United States District Court, W.D. Oklahoma
HEATON, CHIEF U.S. DISTRICT JUDGE.
who is represented by counsel, has filed a petition for writ
of habeas corpus challenging his first degree murder
conviction in Oklahoma County District Court Case No.
CF-2009-3199. Doc. 1. Petitioner appealed his conviction and
life sentence to the Oklahoma Court of Criminal Appeals
(hereinafter “OCCA”). The OCCA affirmed in an
unpublished opinion. Ersland v. State, No.
F-2011-638 (Okla. Crim. App. June 20, 2013). Petitioner also
sought post-conviction relief, which the OCCA denied.
Ersland v. State, No. PC-2015-94 (Okla. Crim. App.
Apr. 30, 2015). Copies of the OCCA's opinions are
attached to the response as Exhibits 5 and 7.
presents two grounds for relief. Both are based on newly
discovered evidence and both were raised on post-conviction.
See Appellant's Brief, No. PC-2015-94
(Resp't's Ex. 6). In his first ground, petitioner
asserts that because the OCCA denied him relief based on this
new evidence, he was denied a fair trial and his right to
present a defense. In his second ground, petitioner asserts
that his trial counsel was ineffective for not discovering
and presenting the evidence at trial. For the following
reasons, the court concludes that neither ground warrants
facts are largely undisputed. On May 19, 2009, Antwun Parker
and Jevontai Ingram attempted to rob the Reliable Pharmacy in
Oklahoma City. Ingram was armed. Petitioner, who was working
that day along with two female employees, shot and killed
Parker. The question at trial was whether petitioner shot
Parker in self-defense.
first shot Parker in the head. Parker immediately fell to the
ground. Ingram then fled and petitioner pursued him. When
petitioner came back inside, Parker was still lying on the
floor. He was alive but unconscious. Petitioner walked past
Parker to go behind the counter. With a second gun,
petitioner then reapproached Parker and shot him five more
times. These shots were close range cluster shots to
Parker's chest and abdomen. After the second shots,
petitioner called 911.
surveillance cameras captured the event. At trial, the
State conceded that petitioner's first shot to Parker was
California v. Trombetta, 467 U.S. 479, 485 (1984),
the Supreme Court held that the constitutional right to a
fair trial under the Due Process Clause includes “a
meaningful opportunity to present a complete defense.”
See also Chambers v. Mississippi, 410 U.S. 284, 294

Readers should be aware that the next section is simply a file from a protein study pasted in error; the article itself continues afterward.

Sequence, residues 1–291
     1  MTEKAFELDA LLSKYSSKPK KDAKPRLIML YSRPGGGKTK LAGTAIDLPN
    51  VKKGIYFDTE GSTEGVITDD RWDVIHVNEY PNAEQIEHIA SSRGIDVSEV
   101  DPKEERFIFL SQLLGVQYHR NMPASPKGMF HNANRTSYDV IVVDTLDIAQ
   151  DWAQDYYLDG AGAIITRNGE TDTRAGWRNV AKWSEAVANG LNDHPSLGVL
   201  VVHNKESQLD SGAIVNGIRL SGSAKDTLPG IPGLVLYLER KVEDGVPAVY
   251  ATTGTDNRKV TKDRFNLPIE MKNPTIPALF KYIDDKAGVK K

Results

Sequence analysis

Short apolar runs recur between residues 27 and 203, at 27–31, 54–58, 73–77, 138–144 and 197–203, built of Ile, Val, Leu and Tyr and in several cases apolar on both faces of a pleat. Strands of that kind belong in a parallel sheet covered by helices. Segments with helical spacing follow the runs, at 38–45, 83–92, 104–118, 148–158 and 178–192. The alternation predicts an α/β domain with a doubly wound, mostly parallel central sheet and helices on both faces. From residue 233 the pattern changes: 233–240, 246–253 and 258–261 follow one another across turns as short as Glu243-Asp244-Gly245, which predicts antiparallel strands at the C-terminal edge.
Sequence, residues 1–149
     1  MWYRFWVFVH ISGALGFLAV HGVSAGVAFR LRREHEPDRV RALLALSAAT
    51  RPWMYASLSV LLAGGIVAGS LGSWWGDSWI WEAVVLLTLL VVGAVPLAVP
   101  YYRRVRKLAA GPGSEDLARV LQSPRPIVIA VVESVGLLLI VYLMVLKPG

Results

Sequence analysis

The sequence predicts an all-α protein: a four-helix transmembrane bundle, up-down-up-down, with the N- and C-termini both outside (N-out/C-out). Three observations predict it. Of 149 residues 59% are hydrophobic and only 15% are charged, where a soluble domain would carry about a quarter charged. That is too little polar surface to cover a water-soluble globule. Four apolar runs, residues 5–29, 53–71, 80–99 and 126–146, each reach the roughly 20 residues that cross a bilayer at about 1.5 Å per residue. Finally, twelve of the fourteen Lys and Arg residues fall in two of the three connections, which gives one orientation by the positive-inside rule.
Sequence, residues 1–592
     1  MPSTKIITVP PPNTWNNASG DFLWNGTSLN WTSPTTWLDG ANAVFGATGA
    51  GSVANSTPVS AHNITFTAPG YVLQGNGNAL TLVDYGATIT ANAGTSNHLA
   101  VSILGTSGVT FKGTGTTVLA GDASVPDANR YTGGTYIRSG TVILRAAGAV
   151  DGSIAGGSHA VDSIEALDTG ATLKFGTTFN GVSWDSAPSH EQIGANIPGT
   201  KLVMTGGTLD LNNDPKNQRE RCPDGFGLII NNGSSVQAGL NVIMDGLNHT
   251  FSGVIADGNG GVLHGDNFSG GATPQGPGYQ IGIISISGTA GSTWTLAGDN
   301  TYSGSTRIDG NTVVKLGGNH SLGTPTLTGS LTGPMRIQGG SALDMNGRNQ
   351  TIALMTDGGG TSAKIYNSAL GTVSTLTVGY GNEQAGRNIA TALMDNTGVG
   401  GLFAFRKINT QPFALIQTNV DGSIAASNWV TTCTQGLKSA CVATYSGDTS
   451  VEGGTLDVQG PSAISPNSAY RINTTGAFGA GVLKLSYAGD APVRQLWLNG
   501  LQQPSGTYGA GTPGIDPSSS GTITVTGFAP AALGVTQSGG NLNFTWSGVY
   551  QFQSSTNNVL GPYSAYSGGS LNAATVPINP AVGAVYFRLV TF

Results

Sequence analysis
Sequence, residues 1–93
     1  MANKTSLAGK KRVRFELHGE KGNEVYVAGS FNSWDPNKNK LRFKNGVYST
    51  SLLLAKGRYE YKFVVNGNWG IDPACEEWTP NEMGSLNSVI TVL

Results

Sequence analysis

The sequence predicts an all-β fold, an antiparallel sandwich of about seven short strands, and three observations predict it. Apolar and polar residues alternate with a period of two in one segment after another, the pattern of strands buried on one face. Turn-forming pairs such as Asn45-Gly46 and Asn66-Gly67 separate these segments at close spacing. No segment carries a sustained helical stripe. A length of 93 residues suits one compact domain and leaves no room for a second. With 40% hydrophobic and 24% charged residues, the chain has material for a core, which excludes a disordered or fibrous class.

(1973) (“The right of an accused in a criminal trial to
due process is, in essence, the right to a fair opportunity
to defend against the State's accusations.”). In
his first ground for relief, petitioner asserts that the OCCA
denied him this right when it failed to grant him relief in
the form of new trial or an evidentiary hearing based on
newly discovered evidence. In denying petitioner relief, the
OCCA concluded that the evidence is not new evidence. It
additionally held that even if the evidence had been
presented at trial, it would not have affected the outcome of
petitioner's trial. Ersland, No. PC-2015-94,
slip op. at 4-5.
the OCCA addressed the merits of petitioner's claim,
review is governed by 28 U.S.C. § 2254(d). Pursuant to
this section of the Antiterrorism and Effective Death Penalty
Act of 1996 (hereinafter “AEDPA”), in order for
petitioner to obtain relief, he must show that the OCCA's
adjudication of his claim either
(1) resulted in a decision that was contrary to, or involved
an unreasonable application of, clearly established Federal
law, as determined by the Supreme Court of the United States;
(2) resulted in a decision that was based on an unreasonable
determination of the facts in light of the evidence presented
in the State court proceeding.
See Cullen v. Pinholster, 563 U.S. 170, 181 (2011)
(acknowledging that “[t]he petitioner carries the
burden of proof”). The very focus of this statutory
provision is the reasonableness of the OCCA's decision.
“The question under AEDPA is not whether a federal
court believes the state court's determination was
incorrect but whether that determination was unreasonable-a
substantially higher threshold.” Schriro v.
Landrigan, 550 U.S. 465, 473 (2007). In other words,
“[i]t is not enough that [this] court, in its
independent review of the legal question, is left with a firm
conviction that the [OCCA] was erroneous.” What is
required is a showing that the OCCA's decision is
“objectively unreasonable.” Lockyer v.
Andrade, 538 U.S. 63, 75-76 (2003) (internal quotation
marks and citation omitted).
Supreme Court has repeatedly acknowledged that Section
2254(d) “‘erects a formidable barrier to federal
habeas relief for prisoners whose claims have been
adjudicated in state court[, ]'” and that
“[i]f [it] is difficult to meet, that is because it was
meant to be.” White v. Wheeler, 577 U.S. ___,
136 S.Ct. 456, 460 (2015) (quoting Burt v. Titlow,
571 U.S. ___, 134 S.Ct. 10, 16 (2013)); Harrington v.
Richter, 562 U.S. 86, 102 (2011). Section 2254(d)
“stops short of imposing a complete bar on
federal-court relitigation of claims already rejected in
state proceedings.” Richter, 562 U.S. at 102.
What remains, then, is a very narrow avenue for relief, one
that permits ...